Stretching out into the waters of the Palk Strait, the Jaffna Islands lie to the west of the Jaffna Peninsula. A trip to this string of small islands can feel like journeying to the end of the earth- they are sparsely populated, with white sand, blue sea and palmyra trees. Kayts, Karaitivu and Pungudutivu are connected to the mainland by causeways, whereas Nainativu and Delft can only be accessed by boat. For a relaxing day on the beach, Karaitivu or Kayts are the best opinions, while the more isolated Delft is the place for those seeking to get away from it all. Besides providing a welcome relief from the hustle and bustle of the cities, these islands also offer some superb bird-watching.
The most remote of Jaffna’s inhabited islands, Delft is known for its wild ponies, descendants of horses first introduces by the Portuguese. West of the ferry dock stand the ruins of a coral Dutch fort, while to the dock’s south is an immense baobab tree. The island also has some peaceful swaths of sand.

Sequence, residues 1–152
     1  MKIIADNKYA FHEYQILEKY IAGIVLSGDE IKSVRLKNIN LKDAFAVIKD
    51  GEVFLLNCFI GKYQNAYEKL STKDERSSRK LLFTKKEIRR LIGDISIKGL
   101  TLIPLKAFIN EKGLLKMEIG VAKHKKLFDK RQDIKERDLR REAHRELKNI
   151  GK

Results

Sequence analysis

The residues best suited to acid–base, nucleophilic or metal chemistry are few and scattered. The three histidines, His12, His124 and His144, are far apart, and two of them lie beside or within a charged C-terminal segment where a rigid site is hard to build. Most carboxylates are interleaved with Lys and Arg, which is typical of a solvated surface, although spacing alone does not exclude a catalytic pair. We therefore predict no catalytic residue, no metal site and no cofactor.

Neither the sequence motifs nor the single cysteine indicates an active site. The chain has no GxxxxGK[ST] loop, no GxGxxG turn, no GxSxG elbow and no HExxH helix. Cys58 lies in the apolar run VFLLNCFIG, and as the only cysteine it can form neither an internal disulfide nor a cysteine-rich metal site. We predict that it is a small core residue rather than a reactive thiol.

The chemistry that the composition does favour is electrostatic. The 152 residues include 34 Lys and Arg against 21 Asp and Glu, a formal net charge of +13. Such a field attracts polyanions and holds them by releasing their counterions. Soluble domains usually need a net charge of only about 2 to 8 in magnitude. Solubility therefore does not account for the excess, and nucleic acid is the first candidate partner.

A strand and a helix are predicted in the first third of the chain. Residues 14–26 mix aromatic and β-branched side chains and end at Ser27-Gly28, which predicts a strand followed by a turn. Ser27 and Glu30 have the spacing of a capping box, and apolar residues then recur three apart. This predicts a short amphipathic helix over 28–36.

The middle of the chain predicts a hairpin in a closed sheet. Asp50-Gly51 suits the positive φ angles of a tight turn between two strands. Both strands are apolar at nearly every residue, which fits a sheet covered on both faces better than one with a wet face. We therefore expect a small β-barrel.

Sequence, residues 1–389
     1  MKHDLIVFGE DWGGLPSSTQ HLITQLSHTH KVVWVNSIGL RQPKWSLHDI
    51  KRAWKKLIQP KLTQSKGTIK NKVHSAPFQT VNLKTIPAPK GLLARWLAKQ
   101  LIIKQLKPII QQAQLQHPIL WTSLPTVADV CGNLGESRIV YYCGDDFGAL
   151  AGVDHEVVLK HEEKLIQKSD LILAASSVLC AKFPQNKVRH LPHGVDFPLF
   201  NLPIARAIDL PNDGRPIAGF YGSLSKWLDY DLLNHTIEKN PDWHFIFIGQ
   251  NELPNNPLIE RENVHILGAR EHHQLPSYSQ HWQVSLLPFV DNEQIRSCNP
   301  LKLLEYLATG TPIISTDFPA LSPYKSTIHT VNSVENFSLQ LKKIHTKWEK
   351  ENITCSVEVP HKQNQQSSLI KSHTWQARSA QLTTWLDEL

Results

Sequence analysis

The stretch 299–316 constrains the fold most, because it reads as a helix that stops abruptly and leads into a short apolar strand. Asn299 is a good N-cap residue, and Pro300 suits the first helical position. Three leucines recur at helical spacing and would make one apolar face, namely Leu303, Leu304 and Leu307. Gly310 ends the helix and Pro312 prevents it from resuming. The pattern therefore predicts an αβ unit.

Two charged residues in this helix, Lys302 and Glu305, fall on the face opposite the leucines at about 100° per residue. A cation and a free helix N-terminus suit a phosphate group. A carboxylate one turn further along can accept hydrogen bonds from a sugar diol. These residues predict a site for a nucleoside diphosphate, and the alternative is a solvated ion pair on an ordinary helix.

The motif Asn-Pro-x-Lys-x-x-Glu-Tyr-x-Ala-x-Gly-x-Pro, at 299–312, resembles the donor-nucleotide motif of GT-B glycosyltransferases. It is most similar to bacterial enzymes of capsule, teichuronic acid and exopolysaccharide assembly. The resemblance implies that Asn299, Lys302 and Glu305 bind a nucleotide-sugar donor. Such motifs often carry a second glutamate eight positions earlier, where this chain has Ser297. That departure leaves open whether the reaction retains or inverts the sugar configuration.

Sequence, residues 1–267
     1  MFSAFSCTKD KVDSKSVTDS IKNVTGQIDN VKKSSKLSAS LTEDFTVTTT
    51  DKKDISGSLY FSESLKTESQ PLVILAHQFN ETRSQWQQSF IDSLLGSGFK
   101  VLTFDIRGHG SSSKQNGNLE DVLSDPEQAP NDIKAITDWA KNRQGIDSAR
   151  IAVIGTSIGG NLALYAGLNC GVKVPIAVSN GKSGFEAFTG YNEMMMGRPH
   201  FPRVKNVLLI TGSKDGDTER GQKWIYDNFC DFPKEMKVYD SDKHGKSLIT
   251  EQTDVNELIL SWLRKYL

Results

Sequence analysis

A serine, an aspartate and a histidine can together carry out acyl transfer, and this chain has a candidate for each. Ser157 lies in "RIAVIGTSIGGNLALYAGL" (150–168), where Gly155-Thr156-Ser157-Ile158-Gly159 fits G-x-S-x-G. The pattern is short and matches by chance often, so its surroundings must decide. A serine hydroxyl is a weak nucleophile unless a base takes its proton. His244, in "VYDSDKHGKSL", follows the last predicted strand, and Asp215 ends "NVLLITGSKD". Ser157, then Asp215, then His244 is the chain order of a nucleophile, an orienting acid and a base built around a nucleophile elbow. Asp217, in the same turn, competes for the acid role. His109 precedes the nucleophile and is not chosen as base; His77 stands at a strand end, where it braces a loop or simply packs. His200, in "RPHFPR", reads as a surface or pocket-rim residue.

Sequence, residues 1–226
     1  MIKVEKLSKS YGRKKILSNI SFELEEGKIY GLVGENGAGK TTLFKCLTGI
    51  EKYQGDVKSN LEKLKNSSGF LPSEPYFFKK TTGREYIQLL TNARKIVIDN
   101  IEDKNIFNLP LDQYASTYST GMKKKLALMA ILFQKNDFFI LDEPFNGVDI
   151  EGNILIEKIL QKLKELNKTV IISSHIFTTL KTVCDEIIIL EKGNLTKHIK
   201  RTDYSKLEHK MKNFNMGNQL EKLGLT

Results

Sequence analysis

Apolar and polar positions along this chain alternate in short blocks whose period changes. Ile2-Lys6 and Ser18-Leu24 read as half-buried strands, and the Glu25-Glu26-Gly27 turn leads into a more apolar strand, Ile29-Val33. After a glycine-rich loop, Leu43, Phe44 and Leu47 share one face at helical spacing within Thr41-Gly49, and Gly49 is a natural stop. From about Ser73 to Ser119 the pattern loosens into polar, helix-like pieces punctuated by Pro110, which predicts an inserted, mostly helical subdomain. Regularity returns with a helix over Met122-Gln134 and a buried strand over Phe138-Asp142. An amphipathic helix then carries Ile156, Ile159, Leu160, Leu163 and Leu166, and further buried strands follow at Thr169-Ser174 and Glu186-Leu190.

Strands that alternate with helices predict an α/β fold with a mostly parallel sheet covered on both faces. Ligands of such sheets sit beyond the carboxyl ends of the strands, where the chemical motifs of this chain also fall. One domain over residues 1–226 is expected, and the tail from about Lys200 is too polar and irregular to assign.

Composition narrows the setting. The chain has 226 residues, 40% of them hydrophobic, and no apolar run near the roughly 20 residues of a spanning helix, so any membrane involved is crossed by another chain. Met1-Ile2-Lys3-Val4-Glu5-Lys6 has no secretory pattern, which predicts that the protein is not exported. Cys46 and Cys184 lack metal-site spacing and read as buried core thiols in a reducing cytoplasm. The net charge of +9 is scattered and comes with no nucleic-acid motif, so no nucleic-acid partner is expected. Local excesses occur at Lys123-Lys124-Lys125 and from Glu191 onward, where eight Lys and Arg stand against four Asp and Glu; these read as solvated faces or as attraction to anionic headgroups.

This island is great religious importance to Hindus as well as Buddhists. The Naga Pooshani Ambal Kovil is a Hindu temple dedicated to the goddess Ambal. The Buddhist Nagadipa Vihara features a silver dagobathat marks the spot of the Buddha’s second visit to Sri Lanka. Across the road by bo tree is a seven-headed cobra fountain, where pilgrims often pose for photographs.
The largest of these islands, Kayts is the nearest to Jaffna. South of the island is the Chatty (Velanai) Beach, a popular stretch of sand. To the northwest is Kayts town, from where are ferries to Karaitivu. The town also affords excellent views of the off-shore Hammenhiel Fort, which dates from the 17th century.
The highlight here is Casuarina Beach, which lies on the north end of the island. Popular with locals and foreign tourists, this beach is safe for swimming. Basic facilities such as changing rooms and toilets are available on the beach.